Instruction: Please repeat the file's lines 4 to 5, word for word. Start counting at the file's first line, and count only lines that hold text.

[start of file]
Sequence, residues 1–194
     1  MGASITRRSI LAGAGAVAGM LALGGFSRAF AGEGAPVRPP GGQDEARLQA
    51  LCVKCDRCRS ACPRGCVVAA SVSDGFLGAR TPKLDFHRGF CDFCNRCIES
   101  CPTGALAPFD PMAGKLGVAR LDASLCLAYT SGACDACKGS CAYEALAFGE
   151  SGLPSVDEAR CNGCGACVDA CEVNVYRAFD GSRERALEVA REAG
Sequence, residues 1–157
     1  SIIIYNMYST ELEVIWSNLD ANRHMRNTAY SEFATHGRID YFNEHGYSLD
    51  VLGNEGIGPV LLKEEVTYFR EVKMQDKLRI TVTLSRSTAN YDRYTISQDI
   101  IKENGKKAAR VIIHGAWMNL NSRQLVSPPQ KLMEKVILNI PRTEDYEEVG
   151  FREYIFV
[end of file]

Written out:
   101  CPTGALAPFD PMAGKLGVAR LDASLCLAYT SGACDACKGS CAYEALAFGE
   151  SGLPSVDEAR CNGCGACVDA CEVNVYRAFD GSRERALEVA REAG